Is the heroine of Tomb Raider and poster girl of an internet generation losing her appeal, wonders Daniel Etherington of BBCi Collective in his weekly games column.
Despite its critical mauling, Lara Croft Tomb Raider: The Angel of Darkness is still riding high in the games charts.
Lara scales the Paris rooftops
Meanwhile, the similarly snappily titled second movie spin-off Lara Croft Tomb Raider: The Cradle Of Life hangs on in the US box office charts.
This is despite receiving an equally critical mauling. One that concluded it was rubbish, but less rubbish than the 2001 movie at least.
UK cinema-goers can decide for themselves when it comes out this week.
Poor old Lara, she is not faring terribly well.
There was once a time when she was being hailed as a "feminist cyber icon", a character who not only starred in a great game but also managed to become a household name.
She still may be one of the few video game characters your mother has heard of, but in the gaming community people are simply sighing and shaking their heads.
Throughout the late 1990s, Lara continued to appear in the Tomb Raider game sequels, but that was not all.
As with all good franchises, she was exploited to the hilt.
Comics were produced, models dressed up as her - Nell McAndrew and Rhona Mitra partly built their careers by donning tight green tops and shorts - and other young women even starred as her in Lucozade ads.
Although the recent, ironic TV spots amusingly riff on the idea of delusions of Lara.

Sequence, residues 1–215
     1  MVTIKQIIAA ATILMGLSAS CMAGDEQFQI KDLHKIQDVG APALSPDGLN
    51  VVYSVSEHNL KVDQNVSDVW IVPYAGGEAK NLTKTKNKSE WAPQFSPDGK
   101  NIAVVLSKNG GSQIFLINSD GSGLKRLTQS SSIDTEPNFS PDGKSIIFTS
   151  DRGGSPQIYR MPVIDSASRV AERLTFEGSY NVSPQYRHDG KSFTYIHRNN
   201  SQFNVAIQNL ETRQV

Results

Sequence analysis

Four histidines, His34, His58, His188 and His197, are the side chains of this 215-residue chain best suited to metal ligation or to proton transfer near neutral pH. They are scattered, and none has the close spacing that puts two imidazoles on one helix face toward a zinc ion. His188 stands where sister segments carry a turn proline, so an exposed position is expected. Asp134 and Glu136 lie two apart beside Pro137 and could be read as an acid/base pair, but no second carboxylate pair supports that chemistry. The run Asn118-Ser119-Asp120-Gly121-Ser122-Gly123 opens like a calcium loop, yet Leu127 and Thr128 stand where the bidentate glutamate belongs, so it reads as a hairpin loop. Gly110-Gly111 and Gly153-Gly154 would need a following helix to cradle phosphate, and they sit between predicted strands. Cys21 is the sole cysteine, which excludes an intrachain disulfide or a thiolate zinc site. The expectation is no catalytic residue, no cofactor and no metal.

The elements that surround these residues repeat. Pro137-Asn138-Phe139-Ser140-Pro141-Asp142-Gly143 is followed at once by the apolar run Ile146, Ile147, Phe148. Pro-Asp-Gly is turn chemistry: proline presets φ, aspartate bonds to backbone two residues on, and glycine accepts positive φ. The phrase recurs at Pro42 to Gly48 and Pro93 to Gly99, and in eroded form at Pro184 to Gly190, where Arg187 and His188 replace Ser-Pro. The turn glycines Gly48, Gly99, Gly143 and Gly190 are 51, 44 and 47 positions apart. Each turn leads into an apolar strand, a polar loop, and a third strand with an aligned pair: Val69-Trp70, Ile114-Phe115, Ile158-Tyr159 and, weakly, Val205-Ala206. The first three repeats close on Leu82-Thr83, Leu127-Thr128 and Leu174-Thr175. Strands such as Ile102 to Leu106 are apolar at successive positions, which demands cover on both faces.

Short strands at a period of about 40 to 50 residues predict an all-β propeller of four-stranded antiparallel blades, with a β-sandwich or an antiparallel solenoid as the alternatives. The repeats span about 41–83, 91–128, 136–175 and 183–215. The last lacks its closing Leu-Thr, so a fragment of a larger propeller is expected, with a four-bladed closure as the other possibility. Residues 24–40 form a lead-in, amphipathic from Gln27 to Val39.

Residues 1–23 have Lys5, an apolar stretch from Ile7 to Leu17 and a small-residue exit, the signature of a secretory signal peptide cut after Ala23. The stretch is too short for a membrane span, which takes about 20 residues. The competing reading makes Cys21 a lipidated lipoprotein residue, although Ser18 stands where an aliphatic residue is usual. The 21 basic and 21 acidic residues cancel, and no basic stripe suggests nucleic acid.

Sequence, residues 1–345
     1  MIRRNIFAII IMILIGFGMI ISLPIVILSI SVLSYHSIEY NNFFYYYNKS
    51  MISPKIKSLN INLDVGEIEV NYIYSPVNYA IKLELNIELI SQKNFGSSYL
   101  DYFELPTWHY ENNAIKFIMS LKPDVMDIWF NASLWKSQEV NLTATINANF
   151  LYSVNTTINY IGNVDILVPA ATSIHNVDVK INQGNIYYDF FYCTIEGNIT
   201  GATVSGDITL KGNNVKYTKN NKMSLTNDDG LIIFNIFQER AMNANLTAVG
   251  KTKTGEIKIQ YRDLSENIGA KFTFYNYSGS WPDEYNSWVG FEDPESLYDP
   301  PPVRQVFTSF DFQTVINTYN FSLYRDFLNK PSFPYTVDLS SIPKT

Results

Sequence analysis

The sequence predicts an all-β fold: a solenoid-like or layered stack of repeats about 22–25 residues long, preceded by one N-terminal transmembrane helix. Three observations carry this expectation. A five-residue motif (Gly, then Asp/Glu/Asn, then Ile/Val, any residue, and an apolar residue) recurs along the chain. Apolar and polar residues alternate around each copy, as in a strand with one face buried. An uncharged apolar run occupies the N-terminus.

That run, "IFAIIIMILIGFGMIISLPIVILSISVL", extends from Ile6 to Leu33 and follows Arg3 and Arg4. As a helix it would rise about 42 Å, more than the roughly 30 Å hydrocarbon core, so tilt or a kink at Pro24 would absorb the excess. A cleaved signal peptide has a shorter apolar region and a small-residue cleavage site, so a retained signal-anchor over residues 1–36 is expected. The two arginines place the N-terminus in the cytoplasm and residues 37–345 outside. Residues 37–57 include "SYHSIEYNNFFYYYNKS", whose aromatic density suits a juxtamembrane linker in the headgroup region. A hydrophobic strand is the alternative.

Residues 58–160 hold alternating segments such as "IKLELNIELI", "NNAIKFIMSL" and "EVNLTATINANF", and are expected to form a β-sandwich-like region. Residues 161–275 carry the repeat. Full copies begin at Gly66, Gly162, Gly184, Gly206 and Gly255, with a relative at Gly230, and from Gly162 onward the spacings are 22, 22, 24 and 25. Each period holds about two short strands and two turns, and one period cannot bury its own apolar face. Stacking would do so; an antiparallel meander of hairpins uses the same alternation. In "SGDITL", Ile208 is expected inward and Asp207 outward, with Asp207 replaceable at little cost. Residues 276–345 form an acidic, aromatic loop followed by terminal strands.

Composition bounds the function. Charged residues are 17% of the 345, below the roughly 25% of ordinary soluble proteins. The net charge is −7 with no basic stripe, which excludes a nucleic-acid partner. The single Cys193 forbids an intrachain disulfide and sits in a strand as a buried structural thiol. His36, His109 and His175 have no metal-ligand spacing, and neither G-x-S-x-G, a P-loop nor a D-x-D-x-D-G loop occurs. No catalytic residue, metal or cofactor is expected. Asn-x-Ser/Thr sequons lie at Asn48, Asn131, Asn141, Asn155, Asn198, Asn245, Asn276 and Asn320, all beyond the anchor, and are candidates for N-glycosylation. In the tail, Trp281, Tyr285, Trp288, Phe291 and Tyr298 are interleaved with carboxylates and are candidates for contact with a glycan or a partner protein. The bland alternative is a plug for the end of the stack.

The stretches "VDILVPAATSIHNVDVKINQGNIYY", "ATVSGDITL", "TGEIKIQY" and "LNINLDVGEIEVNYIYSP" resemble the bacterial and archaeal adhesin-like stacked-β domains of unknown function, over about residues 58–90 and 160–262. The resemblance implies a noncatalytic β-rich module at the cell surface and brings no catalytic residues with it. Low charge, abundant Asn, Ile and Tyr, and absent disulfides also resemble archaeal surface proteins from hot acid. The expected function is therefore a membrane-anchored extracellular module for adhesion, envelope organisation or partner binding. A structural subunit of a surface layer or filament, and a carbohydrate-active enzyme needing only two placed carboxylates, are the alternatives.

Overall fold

While all that has been happening, Core slogged away on the latest game sequel which - despite a repeatedly delayed release - ended up, well, just not very good.
The visuals are not bad, and some of the locations are atmospheric. But the control system on PlayStation 2 is so abominable that those moments when you cast aside the joy pad in exasperation are so frequent it undermines the enjoyment.
So what has become of Lara?
Rather than consolidating the brand, the multiple incarnations of the character seem to have diluted it which begs the question - who exactly is Lara today?
The game itself is such a source of irritation that the personality of its heroine gets subsumed into the negative experience of playing it.
At least Angelina Jolie seems to be giving the stunts and iffy dialogue of The Cradle Of Life her all. As such, she is arguably now more Lara than the original digital incarnation.
Daniel Etherington writes for BBCi Collective, exchanging views on gaming, music, film and culture.